This Week's Reader Submission Contest Winner #2: Dave's Pick
posted by Dave on 7/07/01
Finally we've got Dave's pick, and overall winner for best reader submission of the week, "Tom Cruise and Incredulous Process©" by Justin Desmond.
Remember, you can't play if you don't pay. Send any and all samples/Earthly goods to email@example.com to be eligible.
Here's Justin's discovery, something we couldn't have possible put into words ourself. Enjoy.
Tom Cruise and Incredulous Process©
Anybody who’s seen their share of French film knows two things: One, French people pathologically confuse swarthy with sexy, (see male protagonist in Girl on the Bridge, naked and stringy-haired Gerard Depardieu in Any French Movie Ever Made, Ever). And two, they know how to use dramatic silence. In America, we thankfully don’t have a problem with swarthiness/sexiness confusion, preferring our cinematic swarthiness kitschy (Austin Powers) over-stylized (Tyler Durden) or decorously understated (Alec Baldwin). But we do have a problem conveying meaningful silence. Our movies generally fail in that respect because we think of silence as a tool to augment the meaningfulness of whatever preceded it, instead allowing it as the natural consequence of an occurrence of actual meaning. In American cinema, silence is used as a big neon sign that says "Hey dicknuts—something think-y going on here!"
You can ride my tail anytime.
King Shit of didactic "meaningful silence" in American cinema is Tom Cruise, who puts an excruciating new spin on it with his, what I like to call, "incredulous process." Incredulous Process© (also used extensively by Helen Hunt) is employed in an attempt to convey the heaviness of receiving a revelation that is so out there, so unexpected, so goddamned mind-blowing that it simply can’t all be taken in at once. What was all set to fail as meaningful silence is interrupted by his Incredulous© sputtering and reiteration, causing failure in new and exciting ways. Cruise, more than any other actor, regularly mauls these types of scenes by dragging out the revelation that was to precede the silence and digesting it for us in a series of steps.
He just can't believe it, folks.
Step One: "Wha?" This breathy exclamation is used to indicate the protagonist’s hope that he may be wrong. Cruise usually squints and cocks his head, sometimes freezing in position with his trademark "foreboding grin" for one moment as he stares at the bearer of the news. Did he really just hear what he thought he did? The dropping of the last consonant means "I am so shocked by what I have just heard. As a matter of fact, I am so shocked I am unable to complete a single-syllable word." Now that’s pretty shocked. Other variations include the silent mouthing of the entire question "What?" with attendant squinting and/or head shaking. Rarely used is the silent mouthing of the truncated form of the word, because that’s just too much acting all at once, really.
Step One and a Half: "What do you mean?" This may be used as the character draws himself to full height in order to meet head on the affirmation the other character has just provided. Cruise does it in a harried "I don’t have time for your obtuseness" manner intended to indicate his character’s false bravado. The hoped-for-against-hope response is "Aww, I wuz just fuckin’ wit’ you, dawg!" but that never happens. His teeth are usually still bared at this point, an energy economizing step in case the "foreboding grin" is to be utilized as a regular or relieved grin.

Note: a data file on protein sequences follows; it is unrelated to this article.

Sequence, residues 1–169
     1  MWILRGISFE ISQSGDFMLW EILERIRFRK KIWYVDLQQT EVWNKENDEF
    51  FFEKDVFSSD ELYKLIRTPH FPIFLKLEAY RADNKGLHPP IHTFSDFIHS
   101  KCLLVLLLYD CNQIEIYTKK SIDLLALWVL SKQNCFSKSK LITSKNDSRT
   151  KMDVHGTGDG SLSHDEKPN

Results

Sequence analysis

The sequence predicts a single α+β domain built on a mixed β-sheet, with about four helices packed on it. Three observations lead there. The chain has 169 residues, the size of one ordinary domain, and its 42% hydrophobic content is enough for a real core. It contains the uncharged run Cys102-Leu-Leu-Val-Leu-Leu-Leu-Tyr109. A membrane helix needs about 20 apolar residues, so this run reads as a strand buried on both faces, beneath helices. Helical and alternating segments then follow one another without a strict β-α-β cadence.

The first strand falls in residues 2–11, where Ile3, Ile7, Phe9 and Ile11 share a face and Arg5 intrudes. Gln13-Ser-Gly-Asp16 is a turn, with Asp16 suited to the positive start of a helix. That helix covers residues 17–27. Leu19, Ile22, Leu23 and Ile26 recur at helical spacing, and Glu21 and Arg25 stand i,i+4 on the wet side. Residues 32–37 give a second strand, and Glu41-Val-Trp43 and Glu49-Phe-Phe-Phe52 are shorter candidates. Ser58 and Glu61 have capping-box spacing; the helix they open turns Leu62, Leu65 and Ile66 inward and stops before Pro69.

Step Two: Repeat in question form. This is in an attempt to clarify the revelation, just in case one has heard wrong. It is important because of Step Three. When one repeats, "Francisco’s moved the operation?" one may very well get back the response, "No, I said ‘Ban Sisqo’s nude sheep masturbation.’ What? Don’t tell me you approve of that sort of thing!" More transparent than the other steps, this one is intended to show the character’s stubborn unwillingness to accept the revelation. The audience is moved to shake their heads for him, as they have already completed the acceptance process.
You’re gay, Tom. Your mother and I have always known.
Step Three: Commit to belief. In this step the most important aspect is the far-off look. Cruise’s method is to tell himself "I knew it," (not out loud, but with his "inside voice") or "I can’t believe it," or "It figures" as the full weight of the revelation settles. Cruise may throw up his hands, raise his eyebrows and add a little shrug here, as well. Like a good actor, he is showing us "wow," without actually saying "wow."
Step Four: Stutter. The foreboding grin now becomes a self-protective grin as Cruise tries to rephrase the revelation and flesh out the whys and wherefores. "You mean—" he abortively spurts. "I thought—" or "(insert other character’s name here, spoken Incredulously©)—". Now, he is reaching out for assurance or understanding somewhere, somehow.
3... 2... 1...
Step Five: Sudden outburst/odd calm. It’s all over. The revelation has come and FUCK! SHIT! (Feel free to flip over table here.) "I’m ok. I’m ok." FUCK! SHIT! WHAT THE WHORE!!?? (Slam fist down on something or kick a trashcan, then stop. Run fingers through hair. Look up at ceiling. Repeat as necessary.)
And that’s all there is to Incredulous Process©. In just five easy steps you too can be on your way to quadrillions of dollars, a worldwide fan base of oblivious guys who think you’re macho and oblivious girls who think you’re straight, achieve Level III Operating Thetan class, defeat alien galactic ruler Xenu, take a ride down the razzleberry waterfall, and dance with the merry leprechauns forever and ever.
(To experience uninterrupted meaningful silence, see those Frenchies in A Pure Formality, the final Bjork scenes in Dancer in the Dark, or the Blade Runner director’s cut. Or you could try shutting up for two seconds, you know.)